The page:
For use with MovieSlate’s optional Timecode Sync Plugin.
Apple Headphone Jack Adapters.
Some newer iOS devices lack a headphone jack, so Apple sells Lightning and USB-C adapters which will allow your iOS device to accept TRS and TRRS headphone cables.
Apple Lightning to 3.5 mm Headphone Jack Adapter
If your iOS device has a Lightning port, and lacks a headphone jack (or its headphone jack is non-functional), then you can use Apple’s adapter to connect most TRS and TRRS headphone cables to your iOS device’s Lightning port.
Apple USB-C to 3.5 mm Headphone Jack Adapter
If your iOS device has a USB-C port, and lacks a headphone jack (or its headphone jack is non-functional), then you can use Apple’s adapter to connect some compatible TRS and TRRS headphone cables (see below) to your iOS device’s USB-C port.
USB-C Compatible Cables/Adapters
Not all TRS and TRRS cables will work on iOS devices with USB-C ports. Here are some that we have tested and found to function properly for receiving LTC timecode from external sources:
Rode SC4 3.5mm TRS to TRRS Microphone Cable Adaptor
Run an unattenuated TRS cable from your LTC timecode source → to this Rode SC4 adapter → to “Apple’s USB-C to 3.5 mm Headphone Jack Adapter” → to your iPad.
Movo MC3 3.5mm TRS to TRRS Adapter
Run an unattenuated TRS cable from your LTC timecode source → to this Movo adapter → to “Apple’s USB-C to 3.5 mm Headphone Jack Adapter” → to your iPad.
SYIHLON USB C to Headphone Jack Adapter
Run an attenuated TRRS cable from your LTC timecode source → to this SYIHLON adapter → to your iPad.
Sources for the attenuated timecode cables for iOS.
Here is a list of cable options that we know or customers have indicated to work:
Remote Audio BNC plug to 3.5mm TRRS plug (Model CATCiPBNC)
Remote Audio 5-pin Lemo-style M to 3.5mm TRRS plug (Model CATCiPL)
Remote Audio XLR3F to 3.5mm TRRS plug (Model CATCiPXLRF)
Many MovieSlate users have reported success sending and receiving timecode audio
wirelessly using transmitters and receivers like those from Comtek.
workflow is to cable-connect the LTC output from a sound recorder to a
wireless transmitter. Then cable-connect a wireless receiver to the iOS device(s)
Cables for sending timecode.
When sending timecode from MovieSlate, use a standard, unattenuated cable— which
you can purchase just about anywhere.
Cables for receiving timecode.
When receiving timecode in MovieSlate, use a custom, attenuated cable as
described below. Below are the three variables to take into account for
the receiving cable:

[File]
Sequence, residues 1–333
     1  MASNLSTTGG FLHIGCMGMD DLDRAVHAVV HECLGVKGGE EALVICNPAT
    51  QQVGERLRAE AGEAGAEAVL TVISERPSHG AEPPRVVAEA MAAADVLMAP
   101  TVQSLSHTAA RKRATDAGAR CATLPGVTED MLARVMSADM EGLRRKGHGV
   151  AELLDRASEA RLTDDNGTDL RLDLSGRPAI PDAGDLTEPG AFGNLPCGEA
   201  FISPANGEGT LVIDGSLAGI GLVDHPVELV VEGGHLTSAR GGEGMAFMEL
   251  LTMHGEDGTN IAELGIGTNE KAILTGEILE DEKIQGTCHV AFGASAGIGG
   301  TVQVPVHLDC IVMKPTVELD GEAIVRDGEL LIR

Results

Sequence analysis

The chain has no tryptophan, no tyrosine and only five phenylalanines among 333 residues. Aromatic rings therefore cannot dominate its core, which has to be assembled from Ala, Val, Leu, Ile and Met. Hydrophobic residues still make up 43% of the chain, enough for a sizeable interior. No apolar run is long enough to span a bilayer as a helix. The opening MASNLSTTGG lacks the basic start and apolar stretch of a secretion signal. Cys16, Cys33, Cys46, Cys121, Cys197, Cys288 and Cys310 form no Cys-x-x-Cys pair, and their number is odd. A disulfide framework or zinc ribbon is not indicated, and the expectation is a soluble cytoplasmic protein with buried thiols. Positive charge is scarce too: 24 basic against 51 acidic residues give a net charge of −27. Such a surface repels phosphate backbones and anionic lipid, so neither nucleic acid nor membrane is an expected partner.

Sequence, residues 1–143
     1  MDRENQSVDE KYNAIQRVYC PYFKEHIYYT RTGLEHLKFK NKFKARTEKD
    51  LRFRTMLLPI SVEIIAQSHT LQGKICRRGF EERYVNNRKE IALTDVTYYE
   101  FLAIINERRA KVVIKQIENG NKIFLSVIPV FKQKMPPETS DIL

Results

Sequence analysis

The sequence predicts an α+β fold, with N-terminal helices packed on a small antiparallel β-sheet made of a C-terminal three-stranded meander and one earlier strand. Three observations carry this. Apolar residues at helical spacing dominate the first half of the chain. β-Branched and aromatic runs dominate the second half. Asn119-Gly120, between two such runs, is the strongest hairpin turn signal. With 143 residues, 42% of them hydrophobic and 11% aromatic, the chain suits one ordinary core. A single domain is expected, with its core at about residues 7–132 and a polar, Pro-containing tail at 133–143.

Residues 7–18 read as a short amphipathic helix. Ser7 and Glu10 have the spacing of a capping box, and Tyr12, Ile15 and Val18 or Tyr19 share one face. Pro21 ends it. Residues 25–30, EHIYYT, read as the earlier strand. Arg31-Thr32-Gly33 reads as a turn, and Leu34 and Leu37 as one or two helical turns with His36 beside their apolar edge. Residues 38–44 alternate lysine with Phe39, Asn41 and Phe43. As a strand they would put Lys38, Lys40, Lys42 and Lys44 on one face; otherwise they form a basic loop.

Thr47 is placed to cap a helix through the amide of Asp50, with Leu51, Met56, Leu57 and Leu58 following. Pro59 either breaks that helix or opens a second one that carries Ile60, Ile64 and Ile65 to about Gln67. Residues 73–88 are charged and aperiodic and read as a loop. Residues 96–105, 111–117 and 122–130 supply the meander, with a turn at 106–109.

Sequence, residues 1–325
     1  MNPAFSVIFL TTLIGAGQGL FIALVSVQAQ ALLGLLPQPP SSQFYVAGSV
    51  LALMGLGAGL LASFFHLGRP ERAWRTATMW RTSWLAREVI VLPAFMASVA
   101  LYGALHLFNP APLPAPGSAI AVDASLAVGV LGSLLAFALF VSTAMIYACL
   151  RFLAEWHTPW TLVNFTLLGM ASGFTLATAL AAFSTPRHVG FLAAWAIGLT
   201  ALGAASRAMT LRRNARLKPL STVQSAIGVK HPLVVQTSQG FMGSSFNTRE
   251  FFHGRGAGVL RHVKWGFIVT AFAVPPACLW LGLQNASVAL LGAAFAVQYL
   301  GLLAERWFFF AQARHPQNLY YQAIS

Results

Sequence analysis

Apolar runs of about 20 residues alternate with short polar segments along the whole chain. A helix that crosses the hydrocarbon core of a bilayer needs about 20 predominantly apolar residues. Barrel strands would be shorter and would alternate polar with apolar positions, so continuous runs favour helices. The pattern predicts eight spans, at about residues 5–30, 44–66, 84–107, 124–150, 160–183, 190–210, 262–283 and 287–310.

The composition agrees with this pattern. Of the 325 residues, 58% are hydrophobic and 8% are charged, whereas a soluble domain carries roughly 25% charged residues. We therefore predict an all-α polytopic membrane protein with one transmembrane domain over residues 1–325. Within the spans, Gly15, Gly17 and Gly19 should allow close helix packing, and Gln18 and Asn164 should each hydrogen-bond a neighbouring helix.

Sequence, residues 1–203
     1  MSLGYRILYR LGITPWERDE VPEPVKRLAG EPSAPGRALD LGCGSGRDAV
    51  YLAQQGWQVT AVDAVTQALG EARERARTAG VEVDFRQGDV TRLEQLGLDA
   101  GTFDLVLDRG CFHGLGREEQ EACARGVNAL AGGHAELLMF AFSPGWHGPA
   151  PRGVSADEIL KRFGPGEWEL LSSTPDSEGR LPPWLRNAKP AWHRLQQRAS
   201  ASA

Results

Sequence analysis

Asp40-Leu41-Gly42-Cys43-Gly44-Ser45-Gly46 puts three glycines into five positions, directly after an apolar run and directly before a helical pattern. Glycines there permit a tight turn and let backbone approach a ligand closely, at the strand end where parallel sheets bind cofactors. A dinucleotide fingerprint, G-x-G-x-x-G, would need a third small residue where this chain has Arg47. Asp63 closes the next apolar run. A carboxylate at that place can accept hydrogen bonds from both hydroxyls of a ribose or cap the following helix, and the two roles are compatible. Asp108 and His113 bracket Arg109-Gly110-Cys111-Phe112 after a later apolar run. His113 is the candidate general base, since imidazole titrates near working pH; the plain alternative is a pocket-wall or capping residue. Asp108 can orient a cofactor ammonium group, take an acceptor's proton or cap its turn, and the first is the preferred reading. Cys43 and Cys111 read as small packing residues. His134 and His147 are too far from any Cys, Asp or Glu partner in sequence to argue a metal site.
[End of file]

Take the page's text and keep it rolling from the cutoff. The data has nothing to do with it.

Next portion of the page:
Headphone jack at the iOS end of the cable
On the Apple iOS device end of the cable, this jack must be one with four distinct silver bands (as pictured at right).
Without those four bands, an iPad/iPhone/iPod touch won't be able to accept audio input.
Denecke has also posted a PDF
with the specifications for connecting LTC devices to the iPhone / iPad / iPod Touch.
Jack at other end of the cable
This jack must fit the sound source (such as your TC generator or sound
recorder). Your sound source’s manual is a good place to find the type of
plug required. Failing that, you could Google for that information.
the volume of the audio
that the Apple iOS device receives. Depending upon your sound source, you
may not need any attenuation. However, most pro-level sound equipment
outputs at LINE level (very loud). All Apple iOS devices receive audio at
MIC level (very quiet). If your sound source outputs LINE level audio,
then it will easily overpower the poor Apple iOS device. So the audio
must be attenuated (quieted). Attenuation may require a bit of trial
and error. Not all sound sources (cameras, TC generators, and sound
recorders) output audio at the same volume levels. If your sound
source has an output volume control, then it is easy to test from
MovieSlate’s Settings > Timecode Syncing > Test Headphone Connection.
While viewing MovieSlate’s test screen, simply adjust the soure source’s
volume until the test screen levels are green and timecode appears in the
test screen. Some sound sources don't have a way to control their output
volume. In these cases, if you find that the volume is too high for the
Apple iOS device, then you'll need to also purchase an attenuating cable.